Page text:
There are several reasons it is important to understand how long it will take to process and close your mortgage. First, the mortgage process can be rather challenging so borrowers want to get it over with as soon as possible. Plus if you are getting a mortgage to buy a home, the sooner your mortgage closes the sooner you can move into your new pad. Another reason to know how long it will take to close your loan is because the key terms of your mortgage, such as your interest rate and closing costs, may only be valid for a certain period of time. If your mortgage does not close within the specified period of time, your interest rate could increase which could cost you thousands of dollars over the life of your mortgage.
Review our Day-by-Day Mortgage Process Schedule
You should consider locking your mortgage and make sure the the length of your rate late period is long enough to process and close your loan. Issues always arise that delay the mortgage process so ask your lender what happens if your mortgage does not close within the stated time frame. Request that the lender extends the initially quoted interest rate and key terms of the mortgage until closing, even if process timeframe extends beyond the rate lock period.
Understanding how long it takes to process your loan and locking your interest rate can save you thousands of dollars in the long run.
It is important to understand what personal and financial documents a lender requires to process and close your mortgage. Most lenders require two years of tax returns and W-2s and two months of banks statements and pay stubs. You may also be required to provide the most recent statement for any loans or debt accounts. Lenders may also require additional personal or financial documents depending on your individual circumstances and the type of mortgage you are applying for. Knowing what information and documents you need to submit allows you to get organized and makes the process go more smoothly.
Review our Mortgage Document Checklist
Additionally, being prepared will help you avoid surprise lender requests that could potentially delay the process. Make sure you know exactly what information the lender requires before you apply for your mortgage.
Mortgage closing costs are the fees that a borrower is required to pay at the time a mortgage closes. Closing costs can run thousands of dollars depending on the lender and the size and type of mortgage. It is important to understand that there are two types of closing costs: non-recurring and recurring. Non-recurring closing costs are one-time, up-front costs that the borrower pays to process and close the mortgage such as lender, appraisal, title company, escrow and attorney fees.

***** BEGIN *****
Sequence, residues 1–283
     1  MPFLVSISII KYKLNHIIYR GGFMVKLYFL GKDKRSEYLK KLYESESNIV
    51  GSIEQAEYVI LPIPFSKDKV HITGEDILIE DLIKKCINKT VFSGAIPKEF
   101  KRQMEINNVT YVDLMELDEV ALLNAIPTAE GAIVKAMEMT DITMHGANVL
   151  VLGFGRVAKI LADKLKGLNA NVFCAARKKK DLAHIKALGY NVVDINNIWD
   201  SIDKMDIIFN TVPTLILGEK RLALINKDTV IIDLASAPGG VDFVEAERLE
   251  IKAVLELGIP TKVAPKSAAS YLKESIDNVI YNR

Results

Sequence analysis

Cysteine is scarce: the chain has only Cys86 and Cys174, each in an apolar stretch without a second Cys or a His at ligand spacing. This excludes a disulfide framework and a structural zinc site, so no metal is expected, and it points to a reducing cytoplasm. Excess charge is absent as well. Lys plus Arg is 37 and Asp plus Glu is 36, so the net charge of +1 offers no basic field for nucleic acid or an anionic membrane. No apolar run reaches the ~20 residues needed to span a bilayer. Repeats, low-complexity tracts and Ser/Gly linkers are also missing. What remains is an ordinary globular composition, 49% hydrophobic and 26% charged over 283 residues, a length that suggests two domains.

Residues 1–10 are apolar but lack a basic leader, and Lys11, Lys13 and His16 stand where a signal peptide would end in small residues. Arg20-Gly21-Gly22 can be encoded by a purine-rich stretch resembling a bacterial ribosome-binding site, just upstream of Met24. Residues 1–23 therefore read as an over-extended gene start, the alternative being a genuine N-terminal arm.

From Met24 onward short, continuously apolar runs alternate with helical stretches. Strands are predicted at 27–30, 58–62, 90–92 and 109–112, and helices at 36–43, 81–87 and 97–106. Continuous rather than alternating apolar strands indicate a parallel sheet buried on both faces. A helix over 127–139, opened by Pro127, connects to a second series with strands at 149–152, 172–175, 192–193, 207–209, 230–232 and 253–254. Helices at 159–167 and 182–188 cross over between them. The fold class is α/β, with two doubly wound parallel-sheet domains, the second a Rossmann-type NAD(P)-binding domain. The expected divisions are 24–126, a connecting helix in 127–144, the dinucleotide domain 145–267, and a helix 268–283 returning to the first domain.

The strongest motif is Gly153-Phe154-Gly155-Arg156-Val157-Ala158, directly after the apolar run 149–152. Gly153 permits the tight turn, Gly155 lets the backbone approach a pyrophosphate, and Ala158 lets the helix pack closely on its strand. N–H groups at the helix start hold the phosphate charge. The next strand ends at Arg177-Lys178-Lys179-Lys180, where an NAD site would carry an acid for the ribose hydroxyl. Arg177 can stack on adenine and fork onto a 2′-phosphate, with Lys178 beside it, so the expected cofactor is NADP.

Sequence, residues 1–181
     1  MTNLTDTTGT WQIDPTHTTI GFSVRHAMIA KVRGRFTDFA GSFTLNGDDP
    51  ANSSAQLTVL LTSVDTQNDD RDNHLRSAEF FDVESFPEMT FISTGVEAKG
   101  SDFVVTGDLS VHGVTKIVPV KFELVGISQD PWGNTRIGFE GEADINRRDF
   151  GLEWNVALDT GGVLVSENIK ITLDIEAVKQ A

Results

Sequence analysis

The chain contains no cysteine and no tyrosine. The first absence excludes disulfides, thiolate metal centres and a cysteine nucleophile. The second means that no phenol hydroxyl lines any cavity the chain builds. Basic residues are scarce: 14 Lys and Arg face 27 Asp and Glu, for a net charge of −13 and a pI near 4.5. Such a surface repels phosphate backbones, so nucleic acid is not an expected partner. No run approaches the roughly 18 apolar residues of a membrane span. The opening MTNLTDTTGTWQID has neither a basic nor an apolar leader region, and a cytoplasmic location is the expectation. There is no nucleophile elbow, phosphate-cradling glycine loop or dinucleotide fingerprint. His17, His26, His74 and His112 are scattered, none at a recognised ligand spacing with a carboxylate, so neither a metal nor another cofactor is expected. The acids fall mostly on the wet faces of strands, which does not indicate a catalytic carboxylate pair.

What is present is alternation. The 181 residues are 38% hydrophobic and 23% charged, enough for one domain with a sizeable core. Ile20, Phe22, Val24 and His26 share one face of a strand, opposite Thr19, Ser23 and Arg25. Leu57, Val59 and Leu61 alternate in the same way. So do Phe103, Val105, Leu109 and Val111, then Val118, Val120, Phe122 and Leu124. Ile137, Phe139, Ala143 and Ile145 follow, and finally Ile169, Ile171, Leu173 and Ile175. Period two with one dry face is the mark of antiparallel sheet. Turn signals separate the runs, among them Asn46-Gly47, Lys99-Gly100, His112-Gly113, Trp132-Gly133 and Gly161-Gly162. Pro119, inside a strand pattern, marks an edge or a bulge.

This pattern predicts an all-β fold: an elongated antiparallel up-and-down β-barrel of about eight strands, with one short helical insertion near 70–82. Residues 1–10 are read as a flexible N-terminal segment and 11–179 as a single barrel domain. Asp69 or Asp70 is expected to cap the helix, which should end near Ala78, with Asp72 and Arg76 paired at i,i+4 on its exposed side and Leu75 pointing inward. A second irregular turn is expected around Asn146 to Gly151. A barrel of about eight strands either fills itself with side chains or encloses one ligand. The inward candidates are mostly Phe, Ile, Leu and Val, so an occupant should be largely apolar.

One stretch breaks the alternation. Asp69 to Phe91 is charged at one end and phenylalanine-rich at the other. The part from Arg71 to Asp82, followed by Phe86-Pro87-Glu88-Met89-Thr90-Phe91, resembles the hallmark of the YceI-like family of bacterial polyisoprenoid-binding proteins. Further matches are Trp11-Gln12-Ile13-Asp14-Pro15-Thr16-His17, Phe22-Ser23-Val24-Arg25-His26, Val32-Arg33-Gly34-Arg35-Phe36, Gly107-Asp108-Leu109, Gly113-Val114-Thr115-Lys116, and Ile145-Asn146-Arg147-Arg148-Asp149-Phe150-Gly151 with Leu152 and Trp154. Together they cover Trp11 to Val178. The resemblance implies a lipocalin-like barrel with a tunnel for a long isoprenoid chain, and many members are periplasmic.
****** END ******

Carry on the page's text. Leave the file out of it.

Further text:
Recurring closing costs are costs that the borrower will continue to pay after the mortgage closes such as interest (from the day your mortgage closes until the end of the month in which your mortgage closes), homeowner's insurance, pro-rated property taxes and homeowners association fees, if applicable. The amount of recurring closing costs you pay depends on when your mortgage closes and these costs are less subject to negotiation.
When you speak with a lender ask what your total non-recurring and recurring closing costs are. Focus on the non-recurring closing costs as these fees can vary by lender and are subject to negotiation. Ask the lender what items are included in non-recurring closing costs including any discount points you are potentially paying to lower your interest rate. Additionally, ask what your closing costs would be if you paid a higher or lower rate. You may be able to negotiate lower closing costs or a lower mortgage rate.
When you contact lenders, it is also important that you request you request a Loan Estimate and Lender Fees Worksheet. These documents outline the key terms of the lender's proposal including mortgage rate and closing costs. Use the information from these documents to compare proposals, negotiate better terms and save money on your mortgage. Please note that some lenders may request that you to submit a loan application to receive an Loan Estimate and Lender Fees Worksheet. Lenders, however, cannot charge you to submit a loan application or to provide these documents. Plus, most lenders will provide a Loan Estimate and Lender Fees Worksheet even if you do not submit a loan application.
Getting pre-approved for your mortgage provide greater certainty that your loan will close, enables you to identify and resolve issues before you apply and potentially accelerates the mortgage process. Getting pre-approved also makes you more attractive to property sellers. Plus, it is free and there is no obligation for borrowers. You want to make sure that you select a lender who is willing to pre-approve you.